And so we have my final Blogtober post, and thirtieth review of the month. I chose An Inspector Calls for my Halloween post despite it being neither a book nor a horror story. It’s a ghost-story play, and for various reasons it is my favourite. I’m hoping to go and see it in London with my brother at the end of the year (I haven’t asked him but the dynamic of big sister little brother is that I can make these kinds of decisions).
First performed in 1945, An Inspector Calls is set in an upper class drawing room owned by the Burlings in 1912. The family are celebrating their daughter’s engagement and talk about the importance of looking out for themselves in life and business. The evening is interrupted by an inspector who brings news of a young woman’s suicide and slowly reveals the involvement of the people in the room.
I describe An Inspector Calls as a ghost story because it’s heavily implied, but never confirmed, that the supernatural is involved in the experience. The inspector’s name is Goole, and he plays a sort of omnipresent part in the play. I think the degree in which he is interpreted as a ghostly visitor depends on the production (the recent televised BBC adaptation went very full on with the ghost theory).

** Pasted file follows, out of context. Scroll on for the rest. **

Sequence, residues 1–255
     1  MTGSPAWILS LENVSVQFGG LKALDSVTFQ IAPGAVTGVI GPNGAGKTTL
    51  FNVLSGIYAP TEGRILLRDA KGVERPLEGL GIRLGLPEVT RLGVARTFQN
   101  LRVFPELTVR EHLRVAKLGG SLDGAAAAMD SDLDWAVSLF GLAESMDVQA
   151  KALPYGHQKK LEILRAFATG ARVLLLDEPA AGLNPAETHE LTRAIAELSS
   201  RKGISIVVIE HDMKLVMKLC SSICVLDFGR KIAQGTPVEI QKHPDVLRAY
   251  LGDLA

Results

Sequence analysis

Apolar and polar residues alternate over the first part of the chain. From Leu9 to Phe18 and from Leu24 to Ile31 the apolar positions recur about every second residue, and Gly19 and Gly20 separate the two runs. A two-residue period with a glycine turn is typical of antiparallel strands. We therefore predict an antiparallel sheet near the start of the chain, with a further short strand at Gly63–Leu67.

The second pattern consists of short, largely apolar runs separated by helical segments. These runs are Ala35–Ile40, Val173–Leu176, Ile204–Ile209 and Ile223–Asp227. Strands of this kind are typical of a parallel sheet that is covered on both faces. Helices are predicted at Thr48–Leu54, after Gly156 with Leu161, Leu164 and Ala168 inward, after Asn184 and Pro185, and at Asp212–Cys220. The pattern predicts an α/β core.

For me it’s a bit more than just a ghost story or a drawing room drama, which I have alluded to in the past. It’s quite a bold comment on how the upper classes treat the working class, for 1945, but also how our behaviour has consequences far beyond what we expect.